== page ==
cherish; publicity.
If the editors at the papers of
Harvard, Yale, Penn and Wiscon-
sin were smart enough to see
through this farce, why weren't
you?
It is disgraceful for the
official newspaper of one of
America's finest universities to
allow itself to be taken in by this
intellectual shabbiness.
Nathaniel J Chaitkin
Music and LSA senior

0
S

------------

Scholarships rectify past injustices

ast week, a federal court challenged the constitu-
tionality of a scholarship program for Black
students at the University of Maryland. The case
called into question the use of race-based scholar-
ships as a way of correcting past wrongs.
The issue first surfaced in 1990, when Michael
Williams, assistant secretary of education for civil
rights, and the Bush administration considered ban-
ning all scholarships awarded based on a student's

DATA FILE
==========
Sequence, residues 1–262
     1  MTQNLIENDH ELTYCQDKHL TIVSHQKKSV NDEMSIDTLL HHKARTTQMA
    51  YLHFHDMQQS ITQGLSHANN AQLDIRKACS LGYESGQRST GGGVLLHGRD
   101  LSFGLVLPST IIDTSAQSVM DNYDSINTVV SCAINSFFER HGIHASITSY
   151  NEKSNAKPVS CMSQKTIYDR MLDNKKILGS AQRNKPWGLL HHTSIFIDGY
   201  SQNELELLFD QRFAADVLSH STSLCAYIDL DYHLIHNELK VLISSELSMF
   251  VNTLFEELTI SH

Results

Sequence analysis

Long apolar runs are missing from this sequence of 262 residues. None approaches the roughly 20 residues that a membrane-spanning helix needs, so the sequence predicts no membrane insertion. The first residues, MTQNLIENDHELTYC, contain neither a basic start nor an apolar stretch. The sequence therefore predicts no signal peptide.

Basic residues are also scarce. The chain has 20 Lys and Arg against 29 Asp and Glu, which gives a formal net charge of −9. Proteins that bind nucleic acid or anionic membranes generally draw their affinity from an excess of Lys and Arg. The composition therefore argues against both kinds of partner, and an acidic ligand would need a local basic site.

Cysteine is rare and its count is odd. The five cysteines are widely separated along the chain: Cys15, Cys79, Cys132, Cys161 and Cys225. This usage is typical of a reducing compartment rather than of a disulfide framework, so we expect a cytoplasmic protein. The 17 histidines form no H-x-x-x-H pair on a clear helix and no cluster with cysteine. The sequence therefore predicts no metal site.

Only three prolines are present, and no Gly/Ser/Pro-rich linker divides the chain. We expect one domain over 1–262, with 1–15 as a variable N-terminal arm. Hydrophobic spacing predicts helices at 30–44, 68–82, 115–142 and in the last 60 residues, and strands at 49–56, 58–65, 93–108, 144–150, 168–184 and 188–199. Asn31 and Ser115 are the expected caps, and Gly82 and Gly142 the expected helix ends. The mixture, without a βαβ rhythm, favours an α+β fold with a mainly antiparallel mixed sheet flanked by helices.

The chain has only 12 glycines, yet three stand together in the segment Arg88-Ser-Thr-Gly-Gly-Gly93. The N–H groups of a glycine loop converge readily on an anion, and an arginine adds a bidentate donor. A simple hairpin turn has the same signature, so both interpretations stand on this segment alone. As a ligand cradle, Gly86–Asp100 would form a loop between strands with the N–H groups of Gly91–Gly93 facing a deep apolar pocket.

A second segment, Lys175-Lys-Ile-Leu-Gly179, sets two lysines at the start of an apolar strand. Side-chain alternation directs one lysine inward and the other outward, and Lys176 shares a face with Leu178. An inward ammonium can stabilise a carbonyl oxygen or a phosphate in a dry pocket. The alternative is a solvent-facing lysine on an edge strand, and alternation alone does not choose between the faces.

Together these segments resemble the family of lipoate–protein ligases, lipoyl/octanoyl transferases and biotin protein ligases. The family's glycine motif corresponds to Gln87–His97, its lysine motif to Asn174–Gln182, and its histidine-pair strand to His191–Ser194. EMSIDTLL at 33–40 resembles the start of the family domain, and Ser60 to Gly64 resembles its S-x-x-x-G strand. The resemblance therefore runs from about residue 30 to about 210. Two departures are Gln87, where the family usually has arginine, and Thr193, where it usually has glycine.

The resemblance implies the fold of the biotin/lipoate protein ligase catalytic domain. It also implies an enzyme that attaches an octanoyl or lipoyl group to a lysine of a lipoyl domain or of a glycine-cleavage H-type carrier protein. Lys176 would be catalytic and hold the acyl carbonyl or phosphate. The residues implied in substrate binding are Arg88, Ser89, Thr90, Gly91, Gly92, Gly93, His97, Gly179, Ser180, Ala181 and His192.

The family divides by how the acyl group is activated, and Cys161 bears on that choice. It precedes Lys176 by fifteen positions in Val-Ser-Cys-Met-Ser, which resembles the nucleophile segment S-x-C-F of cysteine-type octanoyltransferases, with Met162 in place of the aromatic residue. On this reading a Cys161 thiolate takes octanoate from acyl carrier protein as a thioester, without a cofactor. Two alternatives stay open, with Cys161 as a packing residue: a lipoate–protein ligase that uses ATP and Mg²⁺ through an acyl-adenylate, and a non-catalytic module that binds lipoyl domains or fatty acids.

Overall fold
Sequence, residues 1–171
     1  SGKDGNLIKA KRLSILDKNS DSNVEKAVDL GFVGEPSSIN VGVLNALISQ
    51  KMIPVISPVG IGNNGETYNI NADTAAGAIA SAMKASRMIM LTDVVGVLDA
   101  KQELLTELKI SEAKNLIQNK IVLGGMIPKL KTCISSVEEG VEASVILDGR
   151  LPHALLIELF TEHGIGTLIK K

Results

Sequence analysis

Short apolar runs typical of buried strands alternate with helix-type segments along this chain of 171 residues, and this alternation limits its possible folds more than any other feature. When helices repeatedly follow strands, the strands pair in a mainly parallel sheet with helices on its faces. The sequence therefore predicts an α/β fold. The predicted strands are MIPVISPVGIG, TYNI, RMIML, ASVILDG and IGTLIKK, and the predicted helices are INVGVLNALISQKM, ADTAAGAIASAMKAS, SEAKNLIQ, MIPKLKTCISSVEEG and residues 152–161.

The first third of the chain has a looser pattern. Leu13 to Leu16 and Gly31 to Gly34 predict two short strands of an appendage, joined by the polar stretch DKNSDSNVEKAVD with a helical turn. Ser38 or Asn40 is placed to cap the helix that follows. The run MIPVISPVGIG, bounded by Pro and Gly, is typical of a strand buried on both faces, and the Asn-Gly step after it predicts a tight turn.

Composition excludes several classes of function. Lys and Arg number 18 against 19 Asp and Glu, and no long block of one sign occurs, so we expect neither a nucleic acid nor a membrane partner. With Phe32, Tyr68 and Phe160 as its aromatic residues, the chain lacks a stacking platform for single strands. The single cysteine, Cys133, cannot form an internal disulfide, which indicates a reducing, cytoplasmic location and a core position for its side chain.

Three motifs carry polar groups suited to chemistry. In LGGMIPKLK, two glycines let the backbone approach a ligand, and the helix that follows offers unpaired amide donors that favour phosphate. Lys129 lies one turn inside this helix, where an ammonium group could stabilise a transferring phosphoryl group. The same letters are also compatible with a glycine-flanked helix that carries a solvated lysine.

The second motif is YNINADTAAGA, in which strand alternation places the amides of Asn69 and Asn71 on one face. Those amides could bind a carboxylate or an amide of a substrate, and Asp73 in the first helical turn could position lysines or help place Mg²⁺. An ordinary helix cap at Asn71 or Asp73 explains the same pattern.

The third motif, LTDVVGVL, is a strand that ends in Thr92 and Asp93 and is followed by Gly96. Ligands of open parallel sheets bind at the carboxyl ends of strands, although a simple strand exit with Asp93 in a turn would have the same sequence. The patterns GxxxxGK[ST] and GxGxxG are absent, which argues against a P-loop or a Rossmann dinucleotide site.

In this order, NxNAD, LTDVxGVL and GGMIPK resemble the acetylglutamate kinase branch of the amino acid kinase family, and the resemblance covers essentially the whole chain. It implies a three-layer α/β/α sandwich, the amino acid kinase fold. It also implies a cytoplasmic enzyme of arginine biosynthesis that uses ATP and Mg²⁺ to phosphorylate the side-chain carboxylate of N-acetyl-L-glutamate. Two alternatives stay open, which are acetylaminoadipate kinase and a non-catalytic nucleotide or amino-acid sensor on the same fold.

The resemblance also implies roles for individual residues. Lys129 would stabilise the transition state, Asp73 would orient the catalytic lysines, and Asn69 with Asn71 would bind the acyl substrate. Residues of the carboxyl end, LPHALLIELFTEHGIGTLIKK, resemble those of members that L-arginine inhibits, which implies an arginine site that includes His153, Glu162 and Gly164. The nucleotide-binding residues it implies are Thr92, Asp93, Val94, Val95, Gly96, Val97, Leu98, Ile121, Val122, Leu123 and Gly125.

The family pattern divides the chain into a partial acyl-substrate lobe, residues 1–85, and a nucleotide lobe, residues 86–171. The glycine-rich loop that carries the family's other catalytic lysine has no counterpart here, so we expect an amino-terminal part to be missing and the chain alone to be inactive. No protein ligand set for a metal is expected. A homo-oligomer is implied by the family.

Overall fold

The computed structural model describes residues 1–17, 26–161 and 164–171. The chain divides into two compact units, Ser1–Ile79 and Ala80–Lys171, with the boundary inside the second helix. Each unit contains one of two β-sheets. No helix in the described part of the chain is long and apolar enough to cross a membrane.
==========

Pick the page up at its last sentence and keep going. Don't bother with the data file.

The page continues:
race. However, as a result of the uproar that ensued
after the announcement, the administrationretreated.
Now, the Maryland court is claiming that race-
based scholarships violate TitleVI of the Civil Rights
Act of 1964, which states that a person cannot be
discriminated against based on their race or ethnic
origin. The case was brought before the court by a
Hispanic student after he was rejected for a scholar-
ship that was open to all students. He then decided to
apply for a scholarship that was open only to Black
students and when he was refused, he claimed that
the scholarship was discriminatory.
Many of the students who acquire the race-based
scholarships may not be the students intended to
receive them. However, this is a fault in the system
Itself, and notin the existence of the scholarship. The